The Big Picture

Do Art Classes Boost Test Scores? Is there a “Mozart Effect?”: Some researchers suggest so; others are not convinced. Karin Evans, through our collaboration with Greater Good Magazine, offers a very thoughtful review of the evidence. She also challenges us by asking, “Now, is this the right question?”

Improving the world, and one’s brain, at the same time: The Goldman Environmental Prize recently recognized seven social entrepreneurs who are clearly helping improve the state of the world. Now, the “state of the world” does include their very own brains – as you may have seen in a recent study.

Brain Teasers

Brain plasticity and daily live: If you lived in London, and wanted to grow your hippocampus, which job would you choose?

Stimulate your Concentration Skills: when one really wants to memorize a fact, it is crucial to pay attention. Dr. Pascale Michelon challenges you to count a few simple letters.

Have a great May

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Brain Fitness Newsletter: Premium Research Sponsors

Here you have the mid-October edition of our twice-a-month newsletter. Please remember that you can subscribe to receive this Newsletter by email.

Have you ever wondered how we can maintain SharpBrains’ website, blog and newsletter without selling any products and with only limited advertising? The answer is, we offer market research to organizations such as healthcare providers, research centers, technology developers, venture capital firms, consulting and training companies, and more.

Our new Premium Research Sponsors program will allow pioneering organizations to collaborate with us to shape the future of the brain fitness and cognitive health field, by sponsoring and accessing the most up-to-date information on the science and best practices to assess and improve cognitive functioning across the lifespan. You can learn more about the Premium Research Sponsors program Here.

Market News

Allstate: Can we Improve Driver Safety using Computerized Cognitive Training?: Insurance company Allstate and brain fitness software developer Posit Science just announced a very intelligent initiative, and Tom Warden, Assistant Vice President and Leader of Allstate’s Research and Planning Center, explains to us why cognitive training may be the new safety feature following seat belts and airbags.

The Cognitive Health and Fitness Market On The Move: As you have probably seen, the Cognitive Health and Brain Fitness field is rapidly evolving. Here we highlight some of the main developments affecting the field over the last 6-months: public policy initiatives in Canada and the US, the growing role of computerized assessments, several venture capital rounds, major initiatives by insurance companies, and significant research findings.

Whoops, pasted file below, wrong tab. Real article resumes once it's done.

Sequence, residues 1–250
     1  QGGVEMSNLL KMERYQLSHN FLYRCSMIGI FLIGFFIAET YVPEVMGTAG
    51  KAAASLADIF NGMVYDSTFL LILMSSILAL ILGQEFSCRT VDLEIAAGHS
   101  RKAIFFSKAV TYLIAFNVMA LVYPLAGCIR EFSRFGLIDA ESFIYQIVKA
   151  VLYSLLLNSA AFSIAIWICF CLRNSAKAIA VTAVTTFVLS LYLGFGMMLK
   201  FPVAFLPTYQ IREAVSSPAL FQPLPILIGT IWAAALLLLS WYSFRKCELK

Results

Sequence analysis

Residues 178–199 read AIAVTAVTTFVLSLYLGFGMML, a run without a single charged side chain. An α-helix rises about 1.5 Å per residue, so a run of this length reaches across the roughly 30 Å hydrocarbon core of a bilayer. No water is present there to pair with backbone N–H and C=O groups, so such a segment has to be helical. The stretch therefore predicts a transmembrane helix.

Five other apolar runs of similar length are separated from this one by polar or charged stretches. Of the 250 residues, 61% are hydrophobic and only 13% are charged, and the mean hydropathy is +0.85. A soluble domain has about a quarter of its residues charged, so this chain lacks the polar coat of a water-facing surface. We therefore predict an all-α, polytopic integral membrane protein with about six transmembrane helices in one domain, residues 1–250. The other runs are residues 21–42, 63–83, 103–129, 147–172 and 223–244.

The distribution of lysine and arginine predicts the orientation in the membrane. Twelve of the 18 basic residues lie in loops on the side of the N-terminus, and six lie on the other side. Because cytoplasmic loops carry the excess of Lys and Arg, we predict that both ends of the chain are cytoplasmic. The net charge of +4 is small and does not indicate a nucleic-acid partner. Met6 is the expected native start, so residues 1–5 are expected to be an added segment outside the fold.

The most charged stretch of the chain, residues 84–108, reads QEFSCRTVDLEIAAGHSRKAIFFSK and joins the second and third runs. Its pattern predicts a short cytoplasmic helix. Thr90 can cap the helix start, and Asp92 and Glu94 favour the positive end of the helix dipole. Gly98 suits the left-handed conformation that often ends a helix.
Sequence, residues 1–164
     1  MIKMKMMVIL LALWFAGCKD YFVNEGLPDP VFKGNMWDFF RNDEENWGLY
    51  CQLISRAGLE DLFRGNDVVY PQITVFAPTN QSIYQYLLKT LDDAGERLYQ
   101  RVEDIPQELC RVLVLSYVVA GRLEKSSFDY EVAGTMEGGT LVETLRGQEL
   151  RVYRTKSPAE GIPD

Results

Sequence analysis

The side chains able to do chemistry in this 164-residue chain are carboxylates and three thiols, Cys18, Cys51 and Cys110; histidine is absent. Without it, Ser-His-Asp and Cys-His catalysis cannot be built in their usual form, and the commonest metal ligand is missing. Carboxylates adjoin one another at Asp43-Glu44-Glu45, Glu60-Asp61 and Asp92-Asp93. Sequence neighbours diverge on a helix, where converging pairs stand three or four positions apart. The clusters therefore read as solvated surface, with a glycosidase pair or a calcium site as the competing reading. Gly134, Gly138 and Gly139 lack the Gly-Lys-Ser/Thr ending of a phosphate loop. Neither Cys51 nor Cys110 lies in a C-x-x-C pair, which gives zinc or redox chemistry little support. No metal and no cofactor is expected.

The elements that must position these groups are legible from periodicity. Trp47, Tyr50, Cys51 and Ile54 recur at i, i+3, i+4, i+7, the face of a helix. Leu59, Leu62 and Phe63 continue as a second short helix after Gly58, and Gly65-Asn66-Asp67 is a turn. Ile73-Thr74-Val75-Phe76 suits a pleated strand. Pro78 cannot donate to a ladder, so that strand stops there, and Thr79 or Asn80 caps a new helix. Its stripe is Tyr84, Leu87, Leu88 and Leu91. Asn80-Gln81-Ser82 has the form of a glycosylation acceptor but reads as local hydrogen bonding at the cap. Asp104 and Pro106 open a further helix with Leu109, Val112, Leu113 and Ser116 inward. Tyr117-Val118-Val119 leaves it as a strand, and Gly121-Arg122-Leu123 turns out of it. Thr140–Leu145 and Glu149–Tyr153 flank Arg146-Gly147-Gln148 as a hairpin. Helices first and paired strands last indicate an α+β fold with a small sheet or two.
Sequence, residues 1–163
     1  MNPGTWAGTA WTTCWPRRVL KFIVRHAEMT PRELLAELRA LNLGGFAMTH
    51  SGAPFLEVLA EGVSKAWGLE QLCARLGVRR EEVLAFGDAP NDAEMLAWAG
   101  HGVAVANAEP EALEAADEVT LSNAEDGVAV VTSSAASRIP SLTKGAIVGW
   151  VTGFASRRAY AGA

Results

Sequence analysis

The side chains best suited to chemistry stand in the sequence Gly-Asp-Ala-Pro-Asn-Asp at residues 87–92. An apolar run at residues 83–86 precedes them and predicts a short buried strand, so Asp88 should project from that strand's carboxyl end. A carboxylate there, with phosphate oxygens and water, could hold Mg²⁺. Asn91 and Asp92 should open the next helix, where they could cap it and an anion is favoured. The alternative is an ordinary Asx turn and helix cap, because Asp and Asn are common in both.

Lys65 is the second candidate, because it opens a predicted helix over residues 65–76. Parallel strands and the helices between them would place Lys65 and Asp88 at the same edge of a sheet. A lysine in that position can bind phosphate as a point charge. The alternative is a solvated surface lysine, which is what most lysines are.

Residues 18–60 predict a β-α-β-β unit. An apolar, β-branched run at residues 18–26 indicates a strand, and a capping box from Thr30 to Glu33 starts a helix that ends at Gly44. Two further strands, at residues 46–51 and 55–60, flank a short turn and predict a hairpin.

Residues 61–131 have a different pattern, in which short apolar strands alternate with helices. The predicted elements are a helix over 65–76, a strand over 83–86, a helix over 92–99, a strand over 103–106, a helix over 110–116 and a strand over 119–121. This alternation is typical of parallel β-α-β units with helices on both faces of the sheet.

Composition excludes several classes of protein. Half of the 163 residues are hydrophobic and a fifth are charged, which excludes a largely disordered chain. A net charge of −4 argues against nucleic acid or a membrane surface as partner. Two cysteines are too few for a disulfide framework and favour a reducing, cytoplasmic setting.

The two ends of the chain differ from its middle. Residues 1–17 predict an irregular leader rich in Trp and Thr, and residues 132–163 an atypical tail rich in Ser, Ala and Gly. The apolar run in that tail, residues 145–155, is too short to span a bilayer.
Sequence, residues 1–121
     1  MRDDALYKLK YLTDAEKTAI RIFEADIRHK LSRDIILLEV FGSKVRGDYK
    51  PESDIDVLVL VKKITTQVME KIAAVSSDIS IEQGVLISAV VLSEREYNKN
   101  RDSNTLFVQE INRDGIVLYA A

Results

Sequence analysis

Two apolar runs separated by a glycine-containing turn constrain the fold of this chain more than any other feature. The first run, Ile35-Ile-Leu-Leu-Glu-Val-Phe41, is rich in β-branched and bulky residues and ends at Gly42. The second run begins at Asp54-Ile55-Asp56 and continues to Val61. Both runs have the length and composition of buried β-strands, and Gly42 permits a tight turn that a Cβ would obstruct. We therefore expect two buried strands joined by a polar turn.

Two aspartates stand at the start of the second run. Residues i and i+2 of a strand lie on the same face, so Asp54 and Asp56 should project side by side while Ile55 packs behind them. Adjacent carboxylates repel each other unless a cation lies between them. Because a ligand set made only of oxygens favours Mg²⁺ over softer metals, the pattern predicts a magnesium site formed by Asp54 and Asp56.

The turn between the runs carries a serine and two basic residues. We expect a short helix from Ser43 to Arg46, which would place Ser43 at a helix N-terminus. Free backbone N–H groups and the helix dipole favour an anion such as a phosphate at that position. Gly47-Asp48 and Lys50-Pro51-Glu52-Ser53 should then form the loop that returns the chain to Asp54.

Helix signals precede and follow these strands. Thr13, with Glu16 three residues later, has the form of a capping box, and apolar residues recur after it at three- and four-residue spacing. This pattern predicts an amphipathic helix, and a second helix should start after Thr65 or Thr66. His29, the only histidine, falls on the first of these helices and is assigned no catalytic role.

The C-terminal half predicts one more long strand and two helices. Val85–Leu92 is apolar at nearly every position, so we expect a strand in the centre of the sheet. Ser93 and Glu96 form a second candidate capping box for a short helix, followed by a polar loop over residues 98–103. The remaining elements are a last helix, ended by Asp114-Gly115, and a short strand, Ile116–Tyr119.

The Big Picture

Executive Summary of the Brain Fitness Market: Let’s step back and ask ourselves, “Why is the field evolving in such a fast way? What is hope, what is hype, what is reality?” A spate of recent global news coverage on brain fitness and brain training reflects a growing interest in natural, non drug-based interventions to keep our brains sharp as we age. This interest is very timely, given an aging population, the increased prevalence of Alzheimer’s rates, and soaring health care costs in the US that place more emphasis than ever on prevention and lifestyle changes. This article summarizes the main market dynamics, open questions, and top trends to watch for.

Nourishing Our Brains and Minds

Teaching is the Art of Changing the Brain: Laurie Bartels promises, “I have read a number of books that translate current brain research into practice while providing practical suggestions for teachers to implement. This is the first book I have read that provides a biological, and clearly rational, overview of learning and the brain.” Go and enjoy her review of a very interesting book by James Zull, Director Emeritus of the University Center for Innovation in Teaching and Education at Case Western Reserve.

Philosophy as the Missing Link in School Curricula: Kimberly Wickham answers provides some good answers to the question, “Why would anyone want to teach philosophy to pre-adolescent children?” that will engage your critical thinking skills.

A User’s Guide to Lifelong Brain Health: Drs Simon Evans and Paul Burghardt hope (as we do) that the emerging emphasis on cognitive exercise and fitness helps complement -not substitute- other lifestyle factors important for the “physical health of the brain and all the systems it communicates with”. Think: nutrition, exercise, sleep.

Exercising Our Brains

Excellent Reader Comments: Our last newsletter generated a round of excellent  comments by readers on cognitive training, Posit Science and Alzheimer’s Australia, gerontology and the brain, and the value of videogames. Come enjoy this collective wisdom and participate as you wish.

Brainy Haikus:
river with haikus
flowing in since the summer
keeping  us afloat

The Challenges of Gerontology?: The World Economic Forum has asked me, as one of the 16 members of the Global Agenda Council on the Challenges of Gerontology, for “an 800 word summary of your most compelling actionable idea on the challenges of gerontology.” Feel free to help me out by offering your own actionable ideas, either related to the discipline of gerontology itself or on ways to best engage the growing number of brains over the age of 60 in our planet.

Enjoy!